Throughout the trip, my Birthright group toured the land of Israel by bus. We soon became known to each other as the Amazing Bus as we quickly bonded with one another. Our bus was lead by arguably Israel's absolute best tour guide, Ran (pronounced Ron). I loved several things about Ran, including his kindness, excitement, and enthusiasm, but one thing that was truly extraordinary about him was his immense knowledge. We soon began to joke around that there was no question that Ran could not answer. He was so knowledgeable and at every stop would explain to us in depth the history of the area. When we were in the Golan Heights, he talked about how it related to the relationship that Israel has with Syria and we were able to physically see why many Israelis are hesitant to give the land back to Syria, as it is a very strategic location for securing other parts of Israel. When we drove through the West Bank on our way to Jerusalem, we asked Ran several questions about who controls what parts of the West Bank, what people's main concerns were over the area, and what was being done for the Palestinian refugees that we would see camped in the desert from time to time. When we drove along the wall that has recently been built between Israel and the West Bank, Ran explained its significance, how much it has truly helped keep suicide bombers from entering the state, and the controversy surrounding it as well. I think the more knowledge I gained about the conflicts and the history just educated me on how confusing of a topic it really is. It is easy to say, "Why don't they just do this?" or "Why don't they just do that?" But each "resolution" has many back falls. Ran told us that if you asked 100 Israelis on what should be done about the Israel-Palestine conflict that you would get 100 completely different answers.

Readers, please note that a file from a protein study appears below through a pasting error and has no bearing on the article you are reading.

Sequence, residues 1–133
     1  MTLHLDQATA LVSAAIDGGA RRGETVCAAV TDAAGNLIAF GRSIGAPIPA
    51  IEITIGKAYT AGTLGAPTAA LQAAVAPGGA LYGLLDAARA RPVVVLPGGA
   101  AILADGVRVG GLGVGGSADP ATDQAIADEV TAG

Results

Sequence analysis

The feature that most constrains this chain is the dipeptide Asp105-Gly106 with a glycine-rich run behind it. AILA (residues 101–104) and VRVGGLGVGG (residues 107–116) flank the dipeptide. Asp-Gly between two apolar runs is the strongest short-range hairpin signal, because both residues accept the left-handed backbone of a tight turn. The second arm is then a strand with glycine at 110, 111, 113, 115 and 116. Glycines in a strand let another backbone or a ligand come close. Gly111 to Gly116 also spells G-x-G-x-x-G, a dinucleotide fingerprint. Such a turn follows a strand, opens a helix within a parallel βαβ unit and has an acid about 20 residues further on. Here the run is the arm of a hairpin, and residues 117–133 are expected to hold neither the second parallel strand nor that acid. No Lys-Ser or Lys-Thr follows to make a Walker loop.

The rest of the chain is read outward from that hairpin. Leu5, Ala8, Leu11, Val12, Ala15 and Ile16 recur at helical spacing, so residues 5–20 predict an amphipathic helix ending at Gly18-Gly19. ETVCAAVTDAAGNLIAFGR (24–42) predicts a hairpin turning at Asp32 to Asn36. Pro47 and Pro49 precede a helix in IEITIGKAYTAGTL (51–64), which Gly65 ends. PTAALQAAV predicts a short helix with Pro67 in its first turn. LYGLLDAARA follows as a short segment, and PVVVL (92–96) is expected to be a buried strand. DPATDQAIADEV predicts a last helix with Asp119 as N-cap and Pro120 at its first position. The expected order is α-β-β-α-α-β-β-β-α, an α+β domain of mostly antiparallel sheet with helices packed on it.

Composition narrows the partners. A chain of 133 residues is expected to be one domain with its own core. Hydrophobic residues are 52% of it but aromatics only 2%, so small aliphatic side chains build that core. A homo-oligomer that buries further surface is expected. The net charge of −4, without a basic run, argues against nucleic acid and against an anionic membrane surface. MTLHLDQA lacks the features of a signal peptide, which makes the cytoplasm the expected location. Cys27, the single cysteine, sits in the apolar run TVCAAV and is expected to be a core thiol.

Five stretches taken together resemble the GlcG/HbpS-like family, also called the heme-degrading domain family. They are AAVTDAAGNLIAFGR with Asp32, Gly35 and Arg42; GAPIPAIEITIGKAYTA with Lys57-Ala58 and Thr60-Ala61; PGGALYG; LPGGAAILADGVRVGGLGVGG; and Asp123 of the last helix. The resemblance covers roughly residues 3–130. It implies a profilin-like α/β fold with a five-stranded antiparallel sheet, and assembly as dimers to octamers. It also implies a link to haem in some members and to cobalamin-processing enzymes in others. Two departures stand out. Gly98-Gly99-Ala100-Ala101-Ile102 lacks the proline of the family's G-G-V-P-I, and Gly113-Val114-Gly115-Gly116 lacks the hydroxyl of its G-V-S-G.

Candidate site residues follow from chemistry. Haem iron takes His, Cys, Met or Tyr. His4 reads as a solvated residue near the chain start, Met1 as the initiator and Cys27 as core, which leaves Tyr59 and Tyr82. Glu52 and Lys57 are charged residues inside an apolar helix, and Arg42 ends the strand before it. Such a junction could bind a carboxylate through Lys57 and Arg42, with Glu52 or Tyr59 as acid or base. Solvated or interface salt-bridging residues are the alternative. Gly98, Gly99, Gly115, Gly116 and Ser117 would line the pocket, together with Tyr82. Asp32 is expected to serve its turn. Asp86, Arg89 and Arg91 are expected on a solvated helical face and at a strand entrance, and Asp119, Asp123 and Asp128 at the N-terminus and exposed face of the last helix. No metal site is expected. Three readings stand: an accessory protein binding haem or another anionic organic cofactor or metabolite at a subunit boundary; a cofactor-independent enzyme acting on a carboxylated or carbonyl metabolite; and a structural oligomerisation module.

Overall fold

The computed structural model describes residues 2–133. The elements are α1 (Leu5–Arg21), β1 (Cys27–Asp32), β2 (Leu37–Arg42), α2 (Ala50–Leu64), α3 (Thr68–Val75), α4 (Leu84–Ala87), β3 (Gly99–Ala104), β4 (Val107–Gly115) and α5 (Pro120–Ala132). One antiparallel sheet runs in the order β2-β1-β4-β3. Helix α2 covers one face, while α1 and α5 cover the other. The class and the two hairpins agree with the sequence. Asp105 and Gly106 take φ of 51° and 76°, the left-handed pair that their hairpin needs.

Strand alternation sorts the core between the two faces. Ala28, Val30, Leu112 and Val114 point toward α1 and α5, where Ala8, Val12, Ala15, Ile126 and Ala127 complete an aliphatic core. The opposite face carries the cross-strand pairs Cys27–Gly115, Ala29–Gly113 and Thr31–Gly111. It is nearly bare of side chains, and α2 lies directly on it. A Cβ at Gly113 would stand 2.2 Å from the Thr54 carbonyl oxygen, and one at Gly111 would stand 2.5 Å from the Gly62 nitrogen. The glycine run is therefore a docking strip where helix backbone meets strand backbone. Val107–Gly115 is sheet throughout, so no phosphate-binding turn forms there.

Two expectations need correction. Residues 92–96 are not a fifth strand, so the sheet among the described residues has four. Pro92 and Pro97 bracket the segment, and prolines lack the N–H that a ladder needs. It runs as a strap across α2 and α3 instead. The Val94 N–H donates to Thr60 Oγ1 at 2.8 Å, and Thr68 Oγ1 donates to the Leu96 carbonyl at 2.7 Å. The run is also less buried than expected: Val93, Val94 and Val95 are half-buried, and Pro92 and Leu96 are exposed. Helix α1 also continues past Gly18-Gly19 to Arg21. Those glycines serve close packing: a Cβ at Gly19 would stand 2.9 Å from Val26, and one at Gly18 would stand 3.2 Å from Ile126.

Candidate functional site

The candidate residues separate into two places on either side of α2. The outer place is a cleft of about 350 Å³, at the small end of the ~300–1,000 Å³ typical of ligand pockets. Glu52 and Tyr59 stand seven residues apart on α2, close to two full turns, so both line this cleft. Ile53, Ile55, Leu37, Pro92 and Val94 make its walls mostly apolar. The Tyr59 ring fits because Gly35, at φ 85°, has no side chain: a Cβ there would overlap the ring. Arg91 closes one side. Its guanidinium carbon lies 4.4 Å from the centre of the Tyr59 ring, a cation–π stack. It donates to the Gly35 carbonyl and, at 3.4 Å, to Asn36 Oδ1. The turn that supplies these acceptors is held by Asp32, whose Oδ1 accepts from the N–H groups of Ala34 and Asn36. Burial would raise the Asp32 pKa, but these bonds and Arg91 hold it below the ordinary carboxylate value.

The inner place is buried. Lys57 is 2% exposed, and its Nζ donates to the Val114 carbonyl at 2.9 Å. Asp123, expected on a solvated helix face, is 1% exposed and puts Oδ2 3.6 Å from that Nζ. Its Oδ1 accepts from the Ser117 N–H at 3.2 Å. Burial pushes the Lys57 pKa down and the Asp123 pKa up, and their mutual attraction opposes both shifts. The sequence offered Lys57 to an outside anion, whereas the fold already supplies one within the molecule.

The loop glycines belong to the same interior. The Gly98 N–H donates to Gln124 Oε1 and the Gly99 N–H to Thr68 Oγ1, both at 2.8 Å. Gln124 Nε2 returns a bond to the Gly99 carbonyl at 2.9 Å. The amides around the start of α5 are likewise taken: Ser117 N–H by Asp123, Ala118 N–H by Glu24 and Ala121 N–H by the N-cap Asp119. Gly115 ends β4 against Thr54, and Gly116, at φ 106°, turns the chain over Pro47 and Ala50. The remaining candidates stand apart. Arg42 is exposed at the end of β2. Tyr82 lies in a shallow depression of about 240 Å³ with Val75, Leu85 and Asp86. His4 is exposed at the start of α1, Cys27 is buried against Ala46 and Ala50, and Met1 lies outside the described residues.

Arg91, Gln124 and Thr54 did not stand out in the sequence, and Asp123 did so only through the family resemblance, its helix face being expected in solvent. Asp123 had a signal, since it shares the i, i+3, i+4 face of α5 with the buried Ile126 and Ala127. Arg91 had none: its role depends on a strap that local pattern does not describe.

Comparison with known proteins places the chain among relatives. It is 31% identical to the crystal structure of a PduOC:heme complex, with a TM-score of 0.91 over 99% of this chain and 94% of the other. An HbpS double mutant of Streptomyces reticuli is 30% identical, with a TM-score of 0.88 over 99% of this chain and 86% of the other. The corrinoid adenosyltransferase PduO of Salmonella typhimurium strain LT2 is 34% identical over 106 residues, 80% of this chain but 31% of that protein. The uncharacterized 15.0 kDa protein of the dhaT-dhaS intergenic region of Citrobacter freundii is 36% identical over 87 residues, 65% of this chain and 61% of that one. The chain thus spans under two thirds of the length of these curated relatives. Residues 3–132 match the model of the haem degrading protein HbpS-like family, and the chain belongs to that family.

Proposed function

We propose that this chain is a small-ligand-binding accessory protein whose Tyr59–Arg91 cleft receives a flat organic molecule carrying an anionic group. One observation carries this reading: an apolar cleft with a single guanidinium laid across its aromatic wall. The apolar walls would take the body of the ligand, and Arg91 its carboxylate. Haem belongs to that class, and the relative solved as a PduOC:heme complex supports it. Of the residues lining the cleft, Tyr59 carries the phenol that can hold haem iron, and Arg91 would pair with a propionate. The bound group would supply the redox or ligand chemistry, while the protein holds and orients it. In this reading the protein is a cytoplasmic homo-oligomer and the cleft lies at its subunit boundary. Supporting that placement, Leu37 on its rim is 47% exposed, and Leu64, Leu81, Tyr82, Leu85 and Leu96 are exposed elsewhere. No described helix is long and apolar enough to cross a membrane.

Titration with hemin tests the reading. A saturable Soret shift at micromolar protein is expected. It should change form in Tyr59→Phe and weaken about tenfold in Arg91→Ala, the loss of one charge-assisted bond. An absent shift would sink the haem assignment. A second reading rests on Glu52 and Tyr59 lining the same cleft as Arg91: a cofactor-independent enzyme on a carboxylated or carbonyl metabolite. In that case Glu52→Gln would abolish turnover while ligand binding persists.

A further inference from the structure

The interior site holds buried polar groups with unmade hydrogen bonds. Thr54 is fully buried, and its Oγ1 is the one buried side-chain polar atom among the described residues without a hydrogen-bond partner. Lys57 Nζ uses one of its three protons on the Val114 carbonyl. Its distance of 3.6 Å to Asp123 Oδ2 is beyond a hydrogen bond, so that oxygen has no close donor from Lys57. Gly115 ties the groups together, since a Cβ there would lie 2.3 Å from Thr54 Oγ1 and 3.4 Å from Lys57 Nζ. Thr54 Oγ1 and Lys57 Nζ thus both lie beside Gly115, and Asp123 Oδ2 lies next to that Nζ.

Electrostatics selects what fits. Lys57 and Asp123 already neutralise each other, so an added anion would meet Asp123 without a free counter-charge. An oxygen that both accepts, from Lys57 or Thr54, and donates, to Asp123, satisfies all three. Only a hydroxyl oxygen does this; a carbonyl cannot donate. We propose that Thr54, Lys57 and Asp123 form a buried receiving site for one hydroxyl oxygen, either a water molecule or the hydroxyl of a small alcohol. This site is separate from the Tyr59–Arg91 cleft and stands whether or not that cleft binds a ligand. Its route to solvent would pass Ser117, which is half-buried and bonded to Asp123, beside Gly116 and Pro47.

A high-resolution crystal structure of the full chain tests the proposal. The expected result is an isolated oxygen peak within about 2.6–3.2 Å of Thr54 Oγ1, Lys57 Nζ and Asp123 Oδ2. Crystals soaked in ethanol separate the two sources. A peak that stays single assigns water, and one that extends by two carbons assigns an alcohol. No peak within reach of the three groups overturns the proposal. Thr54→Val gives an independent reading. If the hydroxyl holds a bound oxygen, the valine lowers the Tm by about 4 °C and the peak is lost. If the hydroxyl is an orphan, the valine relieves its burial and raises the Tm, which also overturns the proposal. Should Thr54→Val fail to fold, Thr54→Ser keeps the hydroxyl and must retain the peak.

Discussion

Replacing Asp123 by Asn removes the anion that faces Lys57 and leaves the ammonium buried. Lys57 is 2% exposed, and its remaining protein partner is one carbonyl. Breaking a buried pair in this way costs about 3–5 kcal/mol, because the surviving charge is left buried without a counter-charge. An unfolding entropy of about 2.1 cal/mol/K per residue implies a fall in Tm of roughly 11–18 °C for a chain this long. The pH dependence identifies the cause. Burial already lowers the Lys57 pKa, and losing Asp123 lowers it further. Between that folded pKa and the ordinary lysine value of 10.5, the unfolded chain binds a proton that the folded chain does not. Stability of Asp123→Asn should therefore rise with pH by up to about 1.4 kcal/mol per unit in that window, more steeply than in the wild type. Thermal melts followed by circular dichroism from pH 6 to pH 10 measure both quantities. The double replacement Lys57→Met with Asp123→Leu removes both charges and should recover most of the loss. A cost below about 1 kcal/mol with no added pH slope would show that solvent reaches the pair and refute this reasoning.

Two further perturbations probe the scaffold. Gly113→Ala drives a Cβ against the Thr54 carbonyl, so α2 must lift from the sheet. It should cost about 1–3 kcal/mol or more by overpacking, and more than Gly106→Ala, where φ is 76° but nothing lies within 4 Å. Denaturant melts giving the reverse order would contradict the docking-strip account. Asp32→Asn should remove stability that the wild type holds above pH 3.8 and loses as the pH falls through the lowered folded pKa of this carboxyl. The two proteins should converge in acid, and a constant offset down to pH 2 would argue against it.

Another perspective on the politics of the area came toward the end of our trip, when eight Israeli soldiers joined our group for our final four days. They did not come to protect us, but instead to tour with us and act as an insight into the Israeli culture for us. We were able to ask them all sorts of questions about their service in the army, what is expected of them, what they think of the current conflicts, and much, much more. The most touching moment for me came when we visited a military cemetery in Jerusalem and the soldiers showed us the grave of a man who had been in their unit and had died in Israel's battle with Gaza a year ago. Hearing our soldiers talk about their friend greatly actualized the severity of the conflict and the strong passion that Israelis feel for their homeland.